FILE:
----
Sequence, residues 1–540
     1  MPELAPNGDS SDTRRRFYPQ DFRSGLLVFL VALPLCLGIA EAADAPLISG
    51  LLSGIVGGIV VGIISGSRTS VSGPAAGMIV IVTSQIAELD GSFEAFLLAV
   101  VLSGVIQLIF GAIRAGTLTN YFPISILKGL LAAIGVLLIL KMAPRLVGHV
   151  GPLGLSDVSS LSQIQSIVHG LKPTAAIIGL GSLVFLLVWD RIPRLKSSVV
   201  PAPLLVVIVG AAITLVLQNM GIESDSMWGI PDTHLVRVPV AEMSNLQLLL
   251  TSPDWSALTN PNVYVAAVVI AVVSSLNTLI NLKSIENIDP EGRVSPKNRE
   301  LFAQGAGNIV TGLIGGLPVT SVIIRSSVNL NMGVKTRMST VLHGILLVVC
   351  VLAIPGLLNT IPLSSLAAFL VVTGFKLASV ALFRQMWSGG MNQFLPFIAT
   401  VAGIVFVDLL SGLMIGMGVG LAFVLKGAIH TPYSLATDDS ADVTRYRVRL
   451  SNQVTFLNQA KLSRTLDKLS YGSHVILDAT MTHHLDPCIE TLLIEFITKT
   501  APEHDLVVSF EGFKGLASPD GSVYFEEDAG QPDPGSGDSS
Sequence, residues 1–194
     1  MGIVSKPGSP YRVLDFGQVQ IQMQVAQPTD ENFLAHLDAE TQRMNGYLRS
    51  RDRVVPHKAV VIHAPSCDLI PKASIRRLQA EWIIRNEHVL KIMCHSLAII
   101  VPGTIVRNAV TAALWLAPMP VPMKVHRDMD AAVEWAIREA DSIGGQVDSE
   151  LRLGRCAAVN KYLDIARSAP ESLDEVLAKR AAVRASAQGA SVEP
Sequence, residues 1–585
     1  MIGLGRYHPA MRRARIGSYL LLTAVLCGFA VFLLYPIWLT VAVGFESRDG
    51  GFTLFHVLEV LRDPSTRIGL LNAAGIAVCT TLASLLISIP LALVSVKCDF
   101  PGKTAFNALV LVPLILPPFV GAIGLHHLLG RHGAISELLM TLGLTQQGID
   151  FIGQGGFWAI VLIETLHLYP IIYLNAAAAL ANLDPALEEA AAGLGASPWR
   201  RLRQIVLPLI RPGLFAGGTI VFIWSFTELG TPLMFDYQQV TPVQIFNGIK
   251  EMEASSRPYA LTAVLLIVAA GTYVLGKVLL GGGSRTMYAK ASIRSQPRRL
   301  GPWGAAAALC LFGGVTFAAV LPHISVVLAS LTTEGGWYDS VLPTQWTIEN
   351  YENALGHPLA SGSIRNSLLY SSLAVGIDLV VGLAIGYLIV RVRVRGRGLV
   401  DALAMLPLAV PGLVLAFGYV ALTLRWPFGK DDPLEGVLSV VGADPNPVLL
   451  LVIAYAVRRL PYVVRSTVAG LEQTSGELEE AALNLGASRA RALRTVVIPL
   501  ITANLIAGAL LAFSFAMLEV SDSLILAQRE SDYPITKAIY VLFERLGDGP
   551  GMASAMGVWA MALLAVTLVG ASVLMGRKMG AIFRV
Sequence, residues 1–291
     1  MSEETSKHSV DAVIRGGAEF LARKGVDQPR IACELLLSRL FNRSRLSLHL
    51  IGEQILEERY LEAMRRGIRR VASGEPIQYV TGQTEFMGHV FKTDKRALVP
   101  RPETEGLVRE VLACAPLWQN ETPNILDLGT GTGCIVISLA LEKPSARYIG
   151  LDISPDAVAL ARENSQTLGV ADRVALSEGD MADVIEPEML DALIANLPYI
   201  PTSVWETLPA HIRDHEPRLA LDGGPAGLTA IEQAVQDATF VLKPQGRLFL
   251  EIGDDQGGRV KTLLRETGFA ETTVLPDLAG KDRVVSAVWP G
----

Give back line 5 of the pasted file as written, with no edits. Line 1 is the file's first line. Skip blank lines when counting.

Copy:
   151  GPLGLSDVSS LSQIQSIVHG LKPTAAIIGL GSLVFLLVWD RIPRLKSSVV